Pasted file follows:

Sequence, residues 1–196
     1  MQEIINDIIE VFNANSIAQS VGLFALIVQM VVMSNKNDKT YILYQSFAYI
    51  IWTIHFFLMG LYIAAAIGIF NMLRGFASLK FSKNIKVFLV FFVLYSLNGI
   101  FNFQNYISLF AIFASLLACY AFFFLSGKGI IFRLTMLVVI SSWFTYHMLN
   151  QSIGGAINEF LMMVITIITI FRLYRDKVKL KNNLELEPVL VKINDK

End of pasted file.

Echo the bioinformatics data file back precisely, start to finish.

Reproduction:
Sequence, residues 1–196
     1  MQEIINDIIE VFNANSIAQS VGLFALIVQM VVMSNKNDKT YILYQSFAYI
    51  IWTIHFFLMG LYIAAAIGIF NMLRGFASLK FSKNIKVFLV FFVLYSLNGI
   101  FNFQNYISLF AIFASLLACY AFFFLSGKGI IFRLTMLVVI SSWFTYHMLN
   151  QSIGGAINEF LMMVITIITI FRLYRDKVKL KNNLELEPVL VKINDK